Neil deGrasse Tyson
New York, Dec. 19, 2006″

Isaac Asimov Interview with Bill Moyers (1988)


A wonderful interview with the great Isaac Asimov by Bill Moyers in 1988.

Like so many others who chose to study math and science, Asimov was a wonderful influence on that side of my personality. But, in addition to that, as a writer, he never ceases of inspire me to put pen to paper and keep going with my own projects.

Here is the interview in 3 parts.

Part 1:

Part 2:

Part 3:

Quantum Decision Making & The Brain


“…our main hypothesis is that the brain makes decisions through a procedure that is similar to quantum measurements. This does not require the brain to be a quantum object, but merely takes into account the dual nature of the decision process, involving both conscious logical evaluations as well as subconscious intuitive feelings”

From the paper “How Brains Make Decisions”, by V.I. Yukalov and D. Sornette.

I’m perpetually surprised at how rare it is to find this kind of sensible approach to the application of the mathematics of quantum theory to non-literal quantum phenomena.

The history of science should have taught us by now that the math that was developed for one application… often will have its greatest applications to subjects far afield from the original one.

In science, literalism is akin to death. The ability to abstract out the principles is key. There is great symmetry between how quantum processes work, and how many processes in biology, ecology, economics, and behaviour work.

They continue (bold text is mine):

“We have presented the Quantum Decision Theory that we have developed in the last four years, which is based on combining utility-like calculations with emotional influences in the representation of the decision making processes. We have emphasized that decision making by humans is principally different from the direct calculations by, even the most powerful, computers. This basic difference is in the duality of the human decision-making procedure. The brain makes decisions by a parallel processing of two different jobs: by consciously estimating the utility of the available prospects and by subconsciously evaluating their attractiveness.

We have shown how the duality of the brain functioning can be adequately represented by the techniques of quantum theory. The process of decision making has been described as mathematically similar to the procedure of quantum measurement. The self-consistent mathematical theory of human decision making that we have been developed contains noparadoxes typical of classical decision making. It is important to stress that this theory is the first theory allowing for it quantitative predictions taking into account behavioral biases.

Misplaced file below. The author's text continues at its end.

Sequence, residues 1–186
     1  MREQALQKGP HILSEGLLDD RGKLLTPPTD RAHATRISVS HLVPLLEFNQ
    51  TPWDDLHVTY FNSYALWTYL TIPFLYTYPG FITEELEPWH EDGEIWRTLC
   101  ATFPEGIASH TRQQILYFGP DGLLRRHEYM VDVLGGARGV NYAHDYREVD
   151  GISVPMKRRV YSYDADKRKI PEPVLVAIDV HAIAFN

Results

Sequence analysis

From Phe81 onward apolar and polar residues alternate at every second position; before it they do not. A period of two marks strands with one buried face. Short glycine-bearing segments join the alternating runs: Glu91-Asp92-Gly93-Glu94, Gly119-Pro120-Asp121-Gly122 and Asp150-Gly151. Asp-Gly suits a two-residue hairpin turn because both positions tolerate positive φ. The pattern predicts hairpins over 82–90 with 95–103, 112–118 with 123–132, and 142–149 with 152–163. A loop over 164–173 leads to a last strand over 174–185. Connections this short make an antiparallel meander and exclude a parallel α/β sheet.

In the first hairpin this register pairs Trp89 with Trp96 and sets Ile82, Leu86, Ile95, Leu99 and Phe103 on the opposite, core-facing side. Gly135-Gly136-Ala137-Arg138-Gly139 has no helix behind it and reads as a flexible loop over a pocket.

We stress that the description of the functioning of the human brain by means of quantum techniques does not require that the brain be a quantum object, but this approach serves as an appropriate mathematical tool for characterizing the conscious-subconscious duality of the brain processes. This duality must be taken into account when one attempts to create an artificial intelligence imitating the human brain. Such an artificial intelligence has to be quantum in the sense explained above.”

And that’s the key: a process can be “quantum” in the literal sense of quantum particles, or quantum in the sense of how it acts.

I think that the application of the mathematics of quantum theory will have a profound effect on a great many seemingly intractable problems all over biology and social science research (certainly in economics), in much the same counter-intuitive sense that complexity theory has proven to be unreasonably accurate in its predictions in fields never dreamed of at the beginning.

We don’t need to wait for Quantum Computers to make great strides in applying Quantum Games and Quantum Decision Theory to the descriptive side of science. We can get started now.

Now go lift something heavy,
Nick Horton